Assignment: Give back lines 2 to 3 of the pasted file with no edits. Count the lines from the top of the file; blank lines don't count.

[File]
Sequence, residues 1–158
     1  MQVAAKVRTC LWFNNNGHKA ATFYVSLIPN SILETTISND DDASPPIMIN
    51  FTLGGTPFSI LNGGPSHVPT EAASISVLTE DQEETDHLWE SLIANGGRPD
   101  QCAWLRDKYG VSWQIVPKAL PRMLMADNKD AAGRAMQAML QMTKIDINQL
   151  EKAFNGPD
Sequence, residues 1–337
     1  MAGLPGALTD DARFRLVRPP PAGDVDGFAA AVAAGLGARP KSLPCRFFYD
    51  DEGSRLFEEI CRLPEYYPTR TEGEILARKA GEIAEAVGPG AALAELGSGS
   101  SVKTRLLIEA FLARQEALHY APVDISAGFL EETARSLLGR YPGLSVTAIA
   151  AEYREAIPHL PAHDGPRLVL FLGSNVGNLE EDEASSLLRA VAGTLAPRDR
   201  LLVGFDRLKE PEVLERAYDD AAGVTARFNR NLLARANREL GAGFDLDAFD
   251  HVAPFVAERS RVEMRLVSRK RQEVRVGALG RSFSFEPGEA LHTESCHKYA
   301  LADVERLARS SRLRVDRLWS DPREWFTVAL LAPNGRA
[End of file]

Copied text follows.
     1  MQVAAKVRTC LWFNNNGHKA ATFYVSLIPN SILETTISND DDASPPIMIN
    51  FTLGGTPFSI LNGGPSHVPT EAASISVLTE DQEETDHLWE SLIANGGRPD